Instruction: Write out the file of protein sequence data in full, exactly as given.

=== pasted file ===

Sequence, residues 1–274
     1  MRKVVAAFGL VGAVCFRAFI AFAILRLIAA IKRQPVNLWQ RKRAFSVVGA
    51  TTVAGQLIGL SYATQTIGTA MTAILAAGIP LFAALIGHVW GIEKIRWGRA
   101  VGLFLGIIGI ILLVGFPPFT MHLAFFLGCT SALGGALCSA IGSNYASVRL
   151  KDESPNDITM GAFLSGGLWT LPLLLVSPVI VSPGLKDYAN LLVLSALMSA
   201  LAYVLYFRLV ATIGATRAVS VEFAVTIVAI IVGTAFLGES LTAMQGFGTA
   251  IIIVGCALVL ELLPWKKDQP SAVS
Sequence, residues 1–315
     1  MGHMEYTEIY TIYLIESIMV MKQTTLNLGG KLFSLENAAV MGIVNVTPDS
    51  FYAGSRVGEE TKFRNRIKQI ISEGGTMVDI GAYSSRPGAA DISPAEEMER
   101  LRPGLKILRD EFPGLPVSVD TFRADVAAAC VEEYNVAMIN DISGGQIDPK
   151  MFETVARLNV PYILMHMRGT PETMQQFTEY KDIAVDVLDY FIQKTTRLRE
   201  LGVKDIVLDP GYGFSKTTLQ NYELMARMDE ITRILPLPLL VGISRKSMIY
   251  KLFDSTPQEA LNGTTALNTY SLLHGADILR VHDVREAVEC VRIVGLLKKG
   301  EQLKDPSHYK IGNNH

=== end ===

Sequence, residues 1–274
     1  MRKVVAAFGL VGAVCFRAFI AFAILRLIAA IKRQPVNLWQ RKRAFSVVGA
    51  TTVAGQLIGL SYATQTIGTA MTAILAAGIP LFAALIGHVW GIEKIRWGRA
   101  VGLFLGIIGI ILLVGFPPFT MHLAFFLGCT SALGGALCSA IGSNYASVRL
   151  KDESPNDITM GAFLSGGLWT LPLLLVSPVI VSPGLKDYAN LLVLSALMSA
   201  LAYVLYFRLV ATIGATRAVS VEFAVTIVAI IVGTAFLGES LTAMQGFGTA
   251  IIIVGCALVL ELLPWKKDQP SAVS
Sequence, residues 1–315
     1  MGHMEYTEIY TIYLIESIMV MKQTTLNLGG KLFSLENAAV MGIVNVTPDS
    51  FYAGSRVGEE TKFRNRIKQI ISEGGTMVDI GAYSSRPGAA DISPAEEMER
   101  LRPGLKILRD EFPGLPVSVD TFRADVAAAC VEEYNVAMIN DISGGQIDPK
   151  MFETVARLNV PYILMHMRGT PETMQQFTEY KDIAVDVLDY FIQKTTRLRE
   201  LGVKDIVLDP GYGFSKTTLQ NYELMARMDE ITRILPLPLL VGISRKSMIY
   251  KLFDSTPQEA LNGTTALNTY SLLHGADILR VHDVREAVEC VRIVGLLKKG
   301  EQLKDPSHYK IGNNH